Published on June 30th, 2022 at 01:00pm EDT
Most U.S. residents need a work permit in order to work in Canada.
Canada’s federal government uses the LMIA to determine how the hiring of foreign workers may impact the wages and employment of workers in Canada. Some job offers require an LMIA, and hence, employers in Canada need to petition the federal government and obtain either a positive or neutral LMIA before bringing the foreign worker in.
The second category does not require an LMIA. Under this category, LMIAs are not required due to Canada’s economic and social interests. U.S. citizens, for example, may be eligible for an LMIA-exempt work permit under the United States-Canada-Mexico-Agreement (USMCA). U.S. citizens have greater flexibility to work in Canada under the CUSMA if they have a job available through their current employer or a new one, or if they are going to engage in substantial investments or trade in Canada.
The type of work permit you need depends on the type of work you’ll be doing. If you are just transferring within the same company to a branch office in Canada, you may be able to do so as an Intra-Company Transfer.
Certain tech occupations, and companies, will allow you to move to Canada in about four weeks through the Global Talent Stream. The hiring process under this fast-track program involves meeting certain requirements, such as completing an LMIA, and commitment to certain salary requirements, among others.
It is important to note that coming to Canada as a foreign worker provides an advantage if you wish to immigrate. Many of Canada’s economic class immigration streams either provide more points or are designed for foreign nationals who have Canadian work experience. For instance, you can gain more points under Express Entry for work experience completed in Canada.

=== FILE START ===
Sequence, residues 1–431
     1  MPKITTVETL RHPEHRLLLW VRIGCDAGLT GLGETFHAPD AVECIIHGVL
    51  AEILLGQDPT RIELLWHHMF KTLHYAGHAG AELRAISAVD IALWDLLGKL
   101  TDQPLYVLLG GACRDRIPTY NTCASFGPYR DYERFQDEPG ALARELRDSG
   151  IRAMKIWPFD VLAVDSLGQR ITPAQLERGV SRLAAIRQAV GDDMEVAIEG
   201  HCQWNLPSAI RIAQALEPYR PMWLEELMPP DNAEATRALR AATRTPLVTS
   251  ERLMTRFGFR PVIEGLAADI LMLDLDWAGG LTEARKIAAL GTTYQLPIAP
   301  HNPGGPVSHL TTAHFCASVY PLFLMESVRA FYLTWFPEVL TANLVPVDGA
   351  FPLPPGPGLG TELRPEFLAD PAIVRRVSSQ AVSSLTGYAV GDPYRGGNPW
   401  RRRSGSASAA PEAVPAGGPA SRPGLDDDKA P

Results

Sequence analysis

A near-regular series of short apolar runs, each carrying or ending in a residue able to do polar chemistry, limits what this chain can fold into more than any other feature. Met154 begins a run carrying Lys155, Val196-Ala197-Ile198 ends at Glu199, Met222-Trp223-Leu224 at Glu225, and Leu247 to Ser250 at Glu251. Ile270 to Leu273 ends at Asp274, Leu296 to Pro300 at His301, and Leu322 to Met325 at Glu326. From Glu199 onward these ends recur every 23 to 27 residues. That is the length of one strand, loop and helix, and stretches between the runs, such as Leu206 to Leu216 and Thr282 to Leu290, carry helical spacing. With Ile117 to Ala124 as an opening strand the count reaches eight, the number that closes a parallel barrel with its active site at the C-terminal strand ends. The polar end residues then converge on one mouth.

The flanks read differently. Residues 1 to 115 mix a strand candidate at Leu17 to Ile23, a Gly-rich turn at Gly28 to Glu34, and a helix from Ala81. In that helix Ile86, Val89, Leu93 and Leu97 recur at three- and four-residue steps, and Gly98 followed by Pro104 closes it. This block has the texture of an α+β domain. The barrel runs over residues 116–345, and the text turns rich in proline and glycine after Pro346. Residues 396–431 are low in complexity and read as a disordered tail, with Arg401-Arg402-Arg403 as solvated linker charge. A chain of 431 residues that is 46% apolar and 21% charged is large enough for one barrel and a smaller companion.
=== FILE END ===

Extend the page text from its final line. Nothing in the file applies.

Work without a work permit in Canada
In many cases, business visitors to Canada do not require a Canadian work permit.
A business visitor is a foreign national who comes to Canada to participate in international business activities, but who will not enter the Canadian labour market.
Subject to the nature of the work, certain business visitors can enter the country to conduct business or trade activity without needing a work permit.
Business visitors to Canada must demonstrate the following:
- they plan to stay for less than six months,
- they do not plan to enter the Canadian labour market,
- the main place of business, and source of income and profits, is outside Canada,
- they have documents that support their application and
- they meet Canada’s basic entry requirements because they have a valid travel document, such as a passport; have enough money for their stay and to return home, plan to leave Canada at the end of their visit; and are not a criminal, security or health risk to Canadians.
There are a number of reasons why one may come to Canada as a business visitor, including:
- Attending business meetings, conferences, conventions, fairs, etc;
- Buying Canadian goods or services on behalf of a foreign entity;
- Taking orders for goods or services;
- Providing after-sales service, excluding hands-on work in the construction trades;
- Being trained by a Canadian parent company for work outside of Canada; and
- Training employees of a Canadian subsidiary of a foreign company.
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